Even three years after the Right of Children to Free and Compulsory Education (RTE) Act was implemented, many government schools still have huge infrastructural gaps, a report by an NGO said Wednesday.
According to a survey by Child Rights and You (CRY), 11 percent of government schools did not have toilets, only 18 percent had separate washrooms for girls and boys and 34 percent of them were in a very bad condition or were unusable.
The survey was conducted in 642 schools across 13 states and 71 districts.
“Although RTE clearly signifies separate toilets for girls and boys, there is no provision for this, which results in a lot of inconvenience. In certain schools, toilets don’t even have doors or water,” said CRY chief executive Puja Marwaha.
The findings also indicated that only 13 percent of the schools provided “age appropriate admission”. Although not required by the RTE Act, proof of age was asked for in 61 percent schools and was mandatory in 47 percent of institutions.
“Many school headmasters and principals are not aware of the provisions of the RTE. The Act clearly indicates that no child can be denied admission for lack of their age proof. Even then, 46 percent schools ask for transfer certificates from children and 47 percent schools ask for proof of age, which is a huge barrier for migrant children,” Marwaha said.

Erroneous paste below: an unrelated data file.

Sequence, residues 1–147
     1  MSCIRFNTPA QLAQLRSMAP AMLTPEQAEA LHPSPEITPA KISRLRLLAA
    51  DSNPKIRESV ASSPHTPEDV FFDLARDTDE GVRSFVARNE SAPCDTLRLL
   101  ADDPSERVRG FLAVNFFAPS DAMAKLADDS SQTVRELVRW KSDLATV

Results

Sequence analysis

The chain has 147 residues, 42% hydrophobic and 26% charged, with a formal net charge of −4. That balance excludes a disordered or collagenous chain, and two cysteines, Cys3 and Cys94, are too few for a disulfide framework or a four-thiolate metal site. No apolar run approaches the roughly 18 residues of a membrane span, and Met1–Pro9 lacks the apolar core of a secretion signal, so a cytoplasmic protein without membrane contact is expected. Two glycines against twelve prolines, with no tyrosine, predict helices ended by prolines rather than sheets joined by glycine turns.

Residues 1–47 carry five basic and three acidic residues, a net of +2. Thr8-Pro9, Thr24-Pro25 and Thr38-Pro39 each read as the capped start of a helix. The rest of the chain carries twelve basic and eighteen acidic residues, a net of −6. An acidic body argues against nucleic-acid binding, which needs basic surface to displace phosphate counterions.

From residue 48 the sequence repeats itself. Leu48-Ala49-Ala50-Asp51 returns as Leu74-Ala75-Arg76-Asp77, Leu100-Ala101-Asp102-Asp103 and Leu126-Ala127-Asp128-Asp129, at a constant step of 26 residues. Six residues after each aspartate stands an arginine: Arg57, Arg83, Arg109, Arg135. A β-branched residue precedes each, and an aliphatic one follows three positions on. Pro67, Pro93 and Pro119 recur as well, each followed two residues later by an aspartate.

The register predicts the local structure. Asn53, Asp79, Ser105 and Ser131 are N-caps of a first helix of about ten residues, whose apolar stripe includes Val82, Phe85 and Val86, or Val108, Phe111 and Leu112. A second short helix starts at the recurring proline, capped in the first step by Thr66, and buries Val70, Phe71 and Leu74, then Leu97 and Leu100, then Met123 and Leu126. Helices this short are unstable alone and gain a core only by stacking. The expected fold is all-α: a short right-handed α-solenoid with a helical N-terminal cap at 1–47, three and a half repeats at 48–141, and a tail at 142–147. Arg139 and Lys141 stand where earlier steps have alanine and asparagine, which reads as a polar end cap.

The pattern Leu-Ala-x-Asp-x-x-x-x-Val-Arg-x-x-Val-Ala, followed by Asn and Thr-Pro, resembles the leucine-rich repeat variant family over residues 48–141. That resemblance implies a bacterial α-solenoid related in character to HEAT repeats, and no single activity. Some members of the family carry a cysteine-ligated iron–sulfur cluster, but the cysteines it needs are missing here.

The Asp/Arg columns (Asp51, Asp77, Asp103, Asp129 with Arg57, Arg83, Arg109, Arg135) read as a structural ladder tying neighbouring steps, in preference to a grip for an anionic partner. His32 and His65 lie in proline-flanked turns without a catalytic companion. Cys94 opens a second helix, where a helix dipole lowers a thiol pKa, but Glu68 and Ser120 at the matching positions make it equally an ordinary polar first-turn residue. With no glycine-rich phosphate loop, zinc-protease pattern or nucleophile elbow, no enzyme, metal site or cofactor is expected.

The report also indicates that only 35 percent of teachers in primary schools had passed Class 12 or had a diploma in education and 56 percent were graduates or post-graduates. Only 37 percent upper primary teachers had passed Class 12 or had a diploma in education.
“The report indicates that most of the teachers are not qualified. Most of them prepare mid-day meals. They cook instead of teaching,” she said.
“We will submit the findings of our report to the Ministry of Human Resource Development as one cannot expect children to study in a school without basic infrastructure like safe classrooms, clean drinking water and functioning toilets,” Marwaha added.